BankBoston Corp. and Fleet Financial Group have pledged to cap fees at their Massachusetts ATMs at $1 for two years.
The agreement, announced last week, was meant to stave off state legislation to ban surcharges.
The two banks, operators of two-thirds of the automated teller machines in the Boston area, have lobbied steadfastly against such legislation. A bill to outlaw surcharges passed the state Senate 38 to 0 last November and has sat dormant in the House Ways and Means Committee ever since.
BankBoston plans to start surcharging in the fall. It is widely believed that Fleet will start surcharging, but the company has not said it will.
The Massachusetts Bankers Association sponsored the voluntary pledge and is encouraging other banks to sign on. BankBoston and Fleet sent letters about their participation to House leaders, attempting to seal their commitment to a free-market solution.
The voluntary cap would take effect Sept. 15. The banks would disclose the surcharges on ATM screens and waive fees for recipients of welfare and other entitlements through electronic benefits transfer.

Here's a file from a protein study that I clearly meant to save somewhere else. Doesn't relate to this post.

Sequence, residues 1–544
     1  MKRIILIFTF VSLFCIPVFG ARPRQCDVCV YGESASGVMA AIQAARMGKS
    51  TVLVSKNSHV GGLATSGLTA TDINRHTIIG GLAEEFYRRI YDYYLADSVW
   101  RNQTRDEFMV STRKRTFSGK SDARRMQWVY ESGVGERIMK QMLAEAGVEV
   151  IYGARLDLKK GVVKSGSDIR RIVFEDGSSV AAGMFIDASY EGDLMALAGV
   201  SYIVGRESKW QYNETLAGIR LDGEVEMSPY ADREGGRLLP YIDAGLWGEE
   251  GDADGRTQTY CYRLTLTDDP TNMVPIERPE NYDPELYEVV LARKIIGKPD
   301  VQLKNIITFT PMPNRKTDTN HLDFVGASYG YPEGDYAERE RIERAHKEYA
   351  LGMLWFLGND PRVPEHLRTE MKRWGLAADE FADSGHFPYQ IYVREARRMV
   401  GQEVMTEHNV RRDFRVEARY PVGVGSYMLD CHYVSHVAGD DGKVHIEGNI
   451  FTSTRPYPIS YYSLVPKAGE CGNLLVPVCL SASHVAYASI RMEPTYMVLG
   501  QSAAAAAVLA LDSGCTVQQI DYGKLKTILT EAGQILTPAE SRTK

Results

The plan closely mirrors one by state Rep. Philip Travis, chairman of the House Banking Committee. Drafted as an alternative to the existing bill, it was never introduced.
The fee-cap agreement "makes a lot of sense," said BankBoston spokesman Bruce Spitzer. "We fully support it and endorse it. It's a sound approach in balancing competitive market principles with the concerns of community banks and individual consumers."
The Massachusetts legislature is due to end its session today.
Deirdre Cummings, consumer program director for the Massachusetts Public Research Interest Group, said the big banks' initiative was an "ingenious PR stunt."
"It's a direct result of the pressure they were feeling of the likelihood of the bill passing," Ms. Cummings said. "What they're offering is not a compromise-what they're offering is what the bill is designed to prevent."
MassPIRG held a news conference last week to encourage a House vote. It put someone in an "ATM bandit" costume to make its point. The consumer group said 91 of 156 House members support the ban. "Consumers are angry, and this bill taps into that," Ms. Cummings said.
Daniel J. Forte, president of the Massachusetts Bankers Association, said the legislature could act later if the $1 cap has an adverse effect on the market.
"Clearly we and the members didn't want to advocate a legislative ban on pricing of services," Mr. Forte said. "But we also wanted to have a rational approach of phasing in this pricing paradigm."
The banks' move to preempt the legislature has the blessing of Rep. Travis. "The consumer will benefit in the long run," he said.
Sen. Alfonse D'Amato, R-N.Y., chairman of the U.S. Senate Banking Committee, has promised to attach an antisurcharge provision to federal appropriations bills in the fall.